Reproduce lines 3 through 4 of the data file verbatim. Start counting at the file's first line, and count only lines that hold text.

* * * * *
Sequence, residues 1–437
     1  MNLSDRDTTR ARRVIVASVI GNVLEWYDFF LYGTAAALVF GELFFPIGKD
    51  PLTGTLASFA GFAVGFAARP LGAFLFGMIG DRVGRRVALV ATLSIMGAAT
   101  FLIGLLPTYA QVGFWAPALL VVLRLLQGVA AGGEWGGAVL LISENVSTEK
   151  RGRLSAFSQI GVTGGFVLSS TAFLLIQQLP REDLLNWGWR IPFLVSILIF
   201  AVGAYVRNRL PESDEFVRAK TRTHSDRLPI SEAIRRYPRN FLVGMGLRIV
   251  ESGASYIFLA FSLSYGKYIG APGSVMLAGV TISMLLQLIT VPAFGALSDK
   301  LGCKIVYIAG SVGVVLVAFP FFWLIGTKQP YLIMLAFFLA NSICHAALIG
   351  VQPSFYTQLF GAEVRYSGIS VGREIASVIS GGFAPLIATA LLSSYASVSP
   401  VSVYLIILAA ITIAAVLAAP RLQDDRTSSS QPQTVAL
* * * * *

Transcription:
    51  PLTGTLASFA GFAVGFAARP LGAFLFGMIG DRVGRRVALV ATLSIMGAAT
   101  FLIGLLPTYA QVGFWAPALL VVLRLLQGVA AGGEWGGAVL LISENVSTEK